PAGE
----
It’s mind-boggling how much Frank Miller could fit into a single issue of Daredevil. Issue #187 brings back Stick, but reintroduces him as part of an offshoot of ninjas who have devoted their lives to stopping The Hand.
This story marks the first appearance of The Chaste: Shaft, Stone and Claw. Three white-clad ninjas who use weapons/fighting styles reflected by their names.
Stick was introduced in issue #176 as part of a brilliant retcon: When young Matt Murdock was hit by a radioactive barrel as a child, and found his senses elevated, Stick visited the boy in the hospital and taught him how to manage his new abilities. Daredevil needs Stick’s help again, because he’s losing control over his abilities, and Stick, using discipline and meditation, helps him get it back under control.
He does find time to break Josie’s window again along the way.
Meanwhile, Black Widow returns with a new costume, helps DD fight some Hand members, and gets poisoned.
Frank Miller redesigns Black Widow.
When I first saw this costume I thought it was a bit preppy, but it grew on me to the point where I now like it more than her traditional leather catsuit.
As part of his re-training of Matt, Stick reveals that the radiation that hit him as a kid didn’t give him powers–he’s just a really well-trained ninja. This is a major retcon, and one that I don’t think was followed after Miller’s run on Daredevil.
AThe Hand resurrect the ninja Kirigi, who was beheaded by Elektra, and we see him being told by the leader of The Hand that “there are many he must kill.” Stick dies in this story, sacrificing himself to save Daredevil, Widow, and The Chaste in a battle against Kirigi.
In #188 is a fun little diversion: Charles Bronson and Marlon Brando’s Godfather character make appearances as crime bosses working for Kingpin.
(I’m not sure who the guy in the pink tie is supposed to be–any ideas?)
Much of Frank Miller’s Daredevil was inspired by Miller’s having been mugged in New York City. It made him dark and cynical. I suspect that’s why he relates to Charles “Death Wish” Bronson.
Meanwhile, Foggy Nelson is picking up the pieces of Matt Murdock’s brutal relationship…Matt is portrayed as a total dick. He’s bullied Heather into marrying him, and now she has a drinking problem.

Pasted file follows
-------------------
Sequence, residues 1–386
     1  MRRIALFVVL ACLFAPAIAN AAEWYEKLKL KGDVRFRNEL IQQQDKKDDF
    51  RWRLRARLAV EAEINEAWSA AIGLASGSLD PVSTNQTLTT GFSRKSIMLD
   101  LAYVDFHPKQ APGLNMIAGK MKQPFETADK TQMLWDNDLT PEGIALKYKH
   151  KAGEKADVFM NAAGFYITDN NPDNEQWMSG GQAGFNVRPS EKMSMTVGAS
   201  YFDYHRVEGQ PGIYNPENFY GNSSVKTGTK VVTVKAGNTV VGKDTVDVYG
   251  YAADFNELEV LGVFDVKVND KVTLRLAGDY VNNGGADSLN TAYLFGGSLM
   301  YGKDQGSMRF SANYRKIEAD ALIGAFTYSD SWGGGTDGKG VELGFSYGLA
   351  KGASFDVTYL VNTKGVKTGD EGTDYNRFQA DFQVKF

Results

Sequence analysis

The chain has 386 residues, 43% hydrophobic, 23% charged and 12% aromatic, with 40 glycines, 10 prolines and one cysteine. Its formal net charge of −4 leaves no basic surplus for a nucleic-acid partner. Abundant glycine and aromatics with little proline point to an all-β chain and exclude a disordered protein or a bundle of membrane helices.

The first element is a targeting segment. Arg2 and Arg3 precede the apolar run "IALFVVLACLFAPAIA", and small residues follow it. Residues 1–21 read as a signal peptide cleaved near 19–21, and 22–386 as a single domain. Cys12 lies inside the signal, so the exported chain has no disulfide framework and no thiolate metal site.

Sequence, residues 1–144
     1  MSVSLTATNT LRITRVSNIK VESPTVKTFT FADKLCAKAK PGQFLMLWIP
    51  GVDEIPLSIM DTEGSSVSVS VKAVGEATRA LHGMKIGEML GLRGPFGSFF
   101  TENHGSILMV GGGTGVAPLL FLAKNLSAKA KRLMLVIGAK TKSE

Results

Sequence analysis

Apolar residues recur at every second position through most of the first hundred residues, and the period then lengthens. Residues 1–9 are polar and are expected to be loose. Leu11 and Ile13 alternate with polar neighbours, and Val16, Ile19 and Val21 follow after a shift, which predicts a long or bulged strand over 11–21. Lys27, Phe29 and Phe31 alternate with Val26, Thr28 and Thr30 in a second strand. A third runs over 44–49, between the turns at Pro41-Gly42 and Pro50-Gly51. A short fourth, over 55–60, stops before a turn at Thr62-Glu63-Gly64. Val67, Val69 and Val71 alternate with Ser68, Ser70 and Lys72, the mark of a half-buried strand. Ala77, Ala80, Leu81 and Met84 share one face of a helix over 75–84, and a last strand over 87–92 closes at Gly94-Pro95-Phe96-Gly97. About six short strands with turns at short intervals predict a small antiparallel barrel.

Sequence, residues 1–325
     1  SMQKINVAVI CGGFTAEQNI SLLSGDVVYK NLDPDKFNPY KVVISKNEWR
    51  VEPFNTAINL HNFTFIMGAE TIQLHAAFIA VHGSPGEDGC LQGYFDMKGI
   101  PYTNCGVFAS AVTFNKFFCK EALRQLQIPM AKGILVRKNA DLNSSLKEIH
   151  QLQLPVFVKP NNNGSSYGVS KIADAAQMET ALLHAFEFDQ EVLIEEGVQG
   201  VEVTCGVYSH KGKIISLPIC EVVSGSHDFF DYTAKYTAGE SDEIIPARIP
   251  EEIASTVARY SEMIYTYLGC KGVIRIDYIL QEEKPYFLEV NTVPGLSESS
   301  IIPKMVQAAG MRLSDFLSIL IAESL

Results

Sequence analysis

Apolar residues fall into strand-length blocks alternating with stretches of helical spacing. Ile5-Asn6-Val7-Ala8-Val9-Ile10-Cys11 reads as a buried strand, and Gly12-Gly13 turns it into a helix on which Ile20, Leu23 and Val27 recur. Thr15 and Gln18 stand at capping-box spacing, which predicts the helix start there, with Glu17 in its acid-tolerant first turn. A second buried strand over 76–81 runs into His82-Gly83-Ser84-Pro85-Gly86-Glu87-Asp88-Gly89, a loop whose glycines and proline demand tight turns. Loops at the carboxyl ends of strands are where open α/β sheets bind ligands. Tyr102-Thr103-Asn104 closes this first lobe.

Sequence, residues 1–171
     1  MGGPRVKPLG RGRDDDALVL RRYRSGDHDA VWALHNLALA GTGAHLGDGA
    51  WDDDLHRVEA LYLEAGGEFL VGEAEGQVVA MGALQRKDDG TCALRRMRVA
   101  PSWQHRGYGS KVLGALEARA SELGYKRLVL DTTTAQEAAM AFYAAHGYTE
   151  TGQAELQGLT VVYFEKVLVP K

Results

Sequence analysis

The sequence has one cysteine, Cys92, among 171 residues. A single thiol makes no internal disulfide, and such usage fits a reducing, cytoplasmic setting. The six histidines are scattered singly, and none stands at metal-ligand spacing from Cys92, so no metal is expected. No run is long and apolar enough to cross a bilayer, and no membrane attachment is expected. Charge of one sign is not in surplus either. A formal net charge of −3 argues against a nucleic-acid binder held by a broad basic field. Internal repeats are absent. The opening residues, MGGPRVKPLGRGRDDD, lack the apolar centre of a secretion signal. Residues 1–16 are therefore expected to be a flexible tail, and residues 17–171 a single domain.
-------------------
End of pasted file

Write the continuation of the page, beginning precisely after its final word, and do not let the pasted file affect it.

Then Foggy, in a remarkably proactive move, gets Black Widow to forge dear John letters from Matt to Heather…and vice-versa. Widow’s letter from Heather to Matt…
And then from Matt to Heather…
This gets each of them to break up with the other. And of course Miller can’t leave this book without another Josie’s Bar scene, with someone getting thrown through her window. This time, though, it’s Daredevil himself who is thrown through it!
And of course, since The Hand’s ability to resurrect the dead was established in #188, this arc ends with Elektra being returned to the living–now clad in white.
Issue #191 is the capstone on a brilliant run. Devastated over the loss of Elektra (and unaware that she is in fact alive), Daredevil visits Bullseye–Elektra’s killer–in the hospital and plays a game of Russian Roulette.
It has built in suspense–six story beats, one for each potential bullet in the revolver. On the last page, [spoiler alert] it’s revealed that there is no bullet in the final chamber and Daredevil tells Bullseye, “I guess we’re stuck with each other.”
This is a very telling story. And it is one of the 100 best single-issue stories of all time, according to this objectively accurate list.
Under Frank Miller, Daredevil’s personality dramatically shifted. This game he plays is almost sadistic. He’s using a helpless Bullseye–torturing him, actually–to work out his inner demons and regrets. This is something Matt did for most of Miller’s run, whether it was bullying Heather Glen into marrying him, risking everything–and the lives of those closest to him–just to take down a corrupt politician against whom Murdock had a vendetta, and similarly using all the women in his life to achieve the goals that he personally believed just. This relentless aspect of his personality became endemic to the character–it defined him, all the way up to Mark Waid’s run in the 2010s.
In many ways, he’s a lot like Batman at this point–or at least like the Batman Frank Miller portrayed in Frank Miller’s Batman. And that continues down to the ending of this issue: “I guess we’re stuck with each other.” That could easily be what Batman says to Joker.
And so, the end of one of the greatest runs in comic book history.
Also: Turk appears!
This concludes the Elektra story that is one of the best Frank Miller stories of all time.